5. AMP isn’t just about speed anymore
The goal was speed and AMP was the answer. Really though, improving mobile load time was a means to an end, and that end was improving the user experience. With this larger goal in mind, the aim to speed web pages broadened to include other aspects of bad user experience. Today’s AMP “comes with all sorts of built-in UX advantages,” says Ubl, like disallowing interstitials and enforcing a free main thread for smooth interactions.
6. AMP is no longer just about accelerating pages
For email marketers, AMP for email provides a way to create interactive content within the body of an email. This makes it possible to deliver the most up-to-date content in the body of a message. For example: webinar promotions can reflect spots remaining, users can schedule meetings with an interactive drop-downs, etc.:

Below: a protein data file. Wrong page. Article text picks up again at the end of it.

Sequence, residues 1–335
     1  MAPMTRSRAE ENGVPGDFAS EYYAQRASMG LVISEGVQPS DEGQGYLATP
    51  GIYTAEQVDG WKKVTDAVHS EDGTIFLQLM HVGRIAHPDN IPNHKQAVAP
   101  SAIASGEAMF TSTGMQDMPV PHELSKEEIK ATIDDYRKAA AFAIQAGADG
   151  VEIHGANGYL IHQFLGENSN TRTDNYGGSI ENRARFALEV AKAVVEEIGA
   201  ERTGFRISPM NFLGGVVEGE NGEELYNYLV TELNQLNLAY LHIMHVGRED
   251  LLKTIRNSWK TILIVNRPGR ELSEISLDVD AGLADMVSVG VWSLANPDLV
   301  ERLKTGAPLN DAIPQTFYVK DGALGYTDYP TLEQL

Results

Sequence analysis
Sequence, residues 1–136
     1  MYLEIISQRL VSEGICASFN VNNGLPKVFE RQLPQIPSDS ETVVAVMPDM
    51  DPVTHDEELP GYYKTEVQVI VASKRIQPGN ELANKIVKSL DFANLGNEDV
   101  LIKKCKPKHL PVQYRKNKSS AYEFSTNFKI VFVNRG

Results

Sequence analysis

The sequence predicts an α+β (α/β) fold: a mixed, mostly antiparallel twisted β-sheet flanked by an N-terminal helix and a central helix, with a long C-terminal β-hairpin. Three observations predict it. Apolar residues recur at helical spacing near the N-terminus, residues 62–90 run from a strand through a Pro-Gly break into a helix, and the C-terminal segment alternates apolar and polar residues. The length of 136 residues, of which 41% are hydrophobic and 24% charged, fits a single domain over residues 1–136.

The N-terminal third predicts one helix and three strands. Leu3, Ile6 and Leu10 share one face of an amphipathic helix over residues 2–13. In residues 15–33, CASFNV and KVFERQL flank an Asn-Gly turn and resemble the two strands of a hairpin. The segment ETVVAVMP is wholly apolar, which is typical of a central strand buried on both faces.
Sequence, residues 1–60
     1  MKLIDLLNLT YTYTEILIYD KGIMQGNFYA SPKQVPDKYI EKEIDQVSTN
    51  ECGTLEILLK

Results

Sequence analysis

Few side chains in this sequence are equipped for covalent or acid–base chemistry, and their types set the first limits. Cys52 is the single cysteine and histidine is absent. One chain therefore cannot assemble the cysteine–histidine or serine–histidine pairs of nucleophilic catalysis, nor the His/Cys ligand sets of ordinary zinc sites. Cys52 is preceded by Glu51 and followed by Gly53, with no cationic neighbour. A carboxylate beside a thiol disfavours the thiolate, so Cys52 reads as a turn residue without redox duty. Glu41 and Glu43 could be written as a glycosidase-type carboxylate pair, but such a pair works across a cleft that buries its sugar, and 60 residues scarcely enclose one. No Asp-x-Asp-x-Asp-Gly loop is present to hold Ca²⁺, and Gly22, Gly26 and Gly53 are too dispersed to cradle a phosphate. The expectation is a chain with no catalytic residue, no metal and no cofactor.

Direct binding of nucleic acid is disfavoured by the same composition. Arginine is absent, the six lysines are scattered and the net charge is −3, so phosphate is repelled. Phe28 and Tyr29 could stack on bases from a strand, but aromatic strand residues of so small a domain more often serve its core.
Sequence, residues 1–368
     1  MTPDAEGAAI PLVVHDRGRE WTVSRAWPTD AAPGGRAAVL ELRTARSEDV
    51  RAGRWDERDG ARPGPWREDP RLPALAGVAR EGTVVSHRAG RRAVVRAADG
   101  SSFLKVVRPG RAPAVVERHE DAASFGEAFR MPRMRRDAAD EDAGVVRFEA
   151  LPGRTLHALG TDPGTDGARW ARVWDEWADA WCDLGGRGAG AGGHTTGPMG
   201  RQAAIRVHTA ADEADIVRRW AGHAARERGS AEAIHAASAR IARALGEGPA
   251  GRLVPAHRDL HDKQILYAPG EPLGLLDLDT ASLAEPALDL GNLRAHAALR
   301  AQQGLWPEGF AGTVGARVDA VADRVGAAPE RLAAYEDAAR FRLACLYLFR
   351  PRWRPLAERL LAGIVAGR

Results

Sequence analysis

7. AMP no longer stands for “Accelerated Mobile Pages”
Due to so many of the changes in the AMP format since it started, even the name is no longer a reflection of what the framework can do. In a blog post, Paul Baukaus, a developer for AMP, says:
I’ve been struggling to properly explain what AMP is for a while now, especially to those who are familiar with its long-form: Accelerated Mobile Pages. The reality is that we’ve outlived our own name long ago.
When you consider that AMP is no longer strictly about accelerating, or mobile, or pages, it makes sense that the name has changed. Today’s AMP is just “AMP.” Not short for anything. Though, if it must stand for something, says Bakaus, “how about Awesome Magical Power.”
8. It’s making privacy a priority